Stab Magazine | Shining in the shadow, with Ian Crane

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Shining in the shadow, with Ian Crane

Words by Theo Lewitt / All photos by Tom Carey Surf media muse Kolohe Andino doesn’t just lend cool-by-association to his posse. He casts a shadow, too… a big one. Them’s the breaks when you roll in a super competitive group – while the standard is wildly high, there’ll always be some in the group who rise a little higher. Surfers […]

news // Mar 8, 2016
Words by stab
Reading Time: 6 minutes

Words by Theo Lewitt / All photos by Tom Carey

Surf media muse Kolohe Andino doesn’t just lend cool-by-association to his posse. He casts a shadow, too… a big one. Them’s the breaks when you roll in a super competitive group – while the standard is wildly high, there’ll always be some in the group who rise a little higher. Surfers like Ian Crane could easily fall victim to the namelessness that comes with just being “one of Kolohe’s friends.” And clinging to a WT standout may offer donated crumbs of exposure here and there, but it also ups the challenge of creating self-sufficiency. Ian has not only accepted this challenge, but risen to it and continually delivered. And in 2015, the time is ripe for him to really land on the map. We dialled in with him to discuss carving your own name and game in parallel with a famous pal.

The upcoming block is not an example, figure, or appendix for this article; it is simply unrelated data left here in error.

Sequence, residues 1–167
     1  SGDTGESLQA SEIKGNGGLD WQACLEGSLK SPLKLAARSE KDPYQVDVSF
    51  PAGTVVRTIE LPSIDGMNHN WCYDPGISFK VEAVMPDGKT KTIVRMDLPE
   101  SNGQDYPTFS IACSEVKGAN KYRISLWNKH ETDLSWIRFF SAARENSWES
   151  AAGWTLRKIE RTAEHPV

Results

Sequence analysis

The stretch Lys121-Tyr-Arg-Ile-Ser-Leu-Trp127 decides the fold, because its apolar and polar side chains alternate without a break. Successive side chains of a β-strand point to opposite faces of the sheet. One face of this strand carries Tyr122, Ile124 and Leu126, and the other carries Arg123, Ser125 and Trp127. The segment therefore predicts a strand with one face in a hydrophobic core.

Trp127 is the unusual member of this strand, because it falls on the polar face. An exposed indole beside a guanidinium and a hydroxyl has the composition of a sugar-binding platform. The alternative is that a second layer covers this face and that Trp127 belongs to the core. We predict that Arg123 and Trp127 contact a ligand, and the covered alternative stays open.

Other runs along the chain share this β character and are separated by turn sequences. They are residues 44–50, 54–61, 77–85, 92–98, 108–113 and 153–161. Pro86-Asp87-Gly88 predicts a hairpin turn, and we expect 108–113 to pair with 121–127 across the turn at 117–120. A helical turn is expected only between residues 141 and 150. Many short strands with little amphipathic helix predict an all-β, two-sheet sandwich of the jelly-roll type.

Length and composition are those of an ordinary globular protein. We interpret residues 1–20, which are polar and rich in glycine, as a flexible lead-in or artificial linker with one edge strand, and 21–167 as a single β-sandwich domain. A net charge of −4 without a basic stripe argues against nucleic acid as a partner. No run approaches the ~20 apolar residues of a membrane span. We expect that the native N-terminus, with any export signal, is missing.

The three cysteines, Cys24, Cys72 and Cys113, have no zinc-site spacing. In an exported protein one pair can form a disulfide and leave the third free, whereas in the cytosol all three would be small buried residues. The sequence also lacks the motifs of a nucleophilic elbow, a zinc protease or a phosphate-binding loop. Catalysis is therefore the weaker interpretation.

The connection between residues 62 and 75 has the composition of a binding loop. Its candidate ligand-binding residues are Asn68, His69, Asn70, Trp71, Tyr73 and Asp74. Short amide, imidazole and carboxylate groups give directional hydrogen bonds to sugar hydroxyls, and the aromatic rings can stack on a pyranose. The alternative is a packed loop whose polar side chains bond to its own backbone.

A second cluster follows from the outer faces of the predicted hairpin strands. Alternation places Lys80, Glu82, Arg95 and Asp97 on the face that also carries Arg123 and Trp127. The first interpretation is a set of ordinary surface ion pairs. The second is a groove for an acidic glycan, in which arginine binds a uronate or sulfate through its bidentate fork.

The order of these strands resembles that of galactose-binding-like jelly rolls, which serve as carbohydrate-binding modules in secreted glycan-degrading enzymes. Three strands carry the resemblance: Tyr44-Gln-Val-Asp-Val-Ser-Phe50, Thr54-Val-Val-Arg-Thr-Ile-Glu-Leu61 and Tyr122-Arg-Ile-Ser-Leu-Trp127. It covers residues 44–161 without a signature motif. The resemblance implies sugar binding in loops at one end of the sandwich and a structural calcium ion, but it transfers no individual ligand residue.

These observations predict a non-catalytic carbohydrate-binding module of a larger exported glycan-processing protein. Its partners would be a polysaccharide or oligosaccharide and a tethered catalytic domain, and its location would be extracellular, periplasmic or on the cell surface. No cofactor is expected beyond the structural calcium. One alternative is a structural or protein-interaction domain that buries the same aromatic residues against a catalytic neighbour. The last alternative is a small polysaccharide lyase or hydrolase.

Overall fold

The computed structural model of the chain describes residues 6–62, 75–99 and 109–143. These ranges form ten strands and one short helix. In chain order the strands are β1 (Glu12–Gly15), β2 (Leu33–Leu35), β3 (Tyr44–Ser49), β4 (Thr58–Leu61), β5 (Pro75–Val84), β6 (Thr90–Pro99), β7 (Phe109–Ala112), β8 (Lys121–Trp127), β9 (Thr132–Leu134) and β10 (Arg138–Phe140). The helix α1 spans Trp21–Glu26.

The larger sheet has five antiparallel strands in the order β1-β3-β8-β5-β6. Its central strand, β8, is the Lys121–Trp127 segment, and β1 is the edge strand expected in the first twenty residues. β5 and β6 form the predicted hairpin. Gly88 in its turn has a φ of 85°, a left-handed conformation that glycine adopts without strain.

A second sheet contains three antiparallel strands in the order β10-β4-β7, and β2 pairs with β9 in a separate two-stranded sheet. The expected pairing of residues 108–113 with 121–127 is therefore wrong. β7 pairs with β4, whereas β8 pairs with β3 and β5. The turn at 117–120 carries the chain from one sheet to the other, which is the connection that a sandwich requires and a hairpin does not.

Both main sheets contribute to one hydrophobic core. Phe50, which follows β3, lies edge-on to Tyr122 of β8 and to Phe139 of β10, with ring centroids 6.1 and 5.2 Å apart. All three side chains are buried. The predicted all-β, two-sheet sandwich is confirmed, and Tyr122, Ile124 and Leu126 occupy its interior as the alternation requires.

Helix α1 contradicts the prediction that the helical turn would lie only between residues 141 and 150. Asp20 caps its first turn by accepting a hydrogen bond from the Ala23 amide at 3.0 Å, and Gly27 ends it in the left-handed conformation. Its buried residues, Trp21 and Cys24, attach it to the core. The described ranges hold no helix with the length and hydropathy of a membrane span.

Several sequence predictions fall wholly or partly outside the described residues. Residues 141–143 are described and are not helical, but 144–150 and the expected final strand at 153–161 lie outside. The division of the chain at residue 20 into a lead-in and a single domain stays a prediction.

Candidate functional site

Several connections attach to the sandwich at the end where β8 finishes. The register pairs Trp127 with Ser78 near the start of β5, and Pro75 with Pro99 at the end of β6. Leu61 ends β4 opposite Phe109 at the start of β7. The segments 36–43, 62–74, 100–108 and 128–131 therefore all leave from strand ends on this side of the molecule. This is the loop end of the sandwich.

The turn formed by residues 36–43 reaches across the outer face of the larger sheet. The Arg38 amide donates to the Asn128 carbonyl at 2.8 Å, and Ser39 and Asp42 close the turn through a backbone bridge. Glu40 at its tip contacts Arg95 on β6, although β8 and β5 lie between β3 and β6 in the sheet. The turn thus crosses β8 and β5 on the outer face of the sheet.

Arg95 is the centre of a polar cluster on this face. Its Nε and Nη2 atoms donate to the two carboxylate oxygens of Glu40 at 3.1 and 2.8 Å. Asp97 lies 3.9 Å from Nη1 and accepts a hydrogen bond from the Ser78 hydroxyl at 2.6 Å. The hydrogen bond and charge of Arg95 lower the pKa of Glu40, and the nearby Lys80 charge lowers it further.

Baja_TomCarey0057 (2)

Just FYI, Ian’s like, 6’3″-ish. And it doesn’t hinder his jump game one bit. Baja bounce.

Stab: Did constantly being grouped in as one of Brother’s buds bother you?
Ian: I’ve definitely been clumped together with him, but I don’t see it as a bad thing. I don’t think I’d be where I am now without him, to be honest. But now that I’m trying to establish myself a little more, I’ve noticed that every time I do something cool, he gets mentioned. I don’t really get bummed about it though.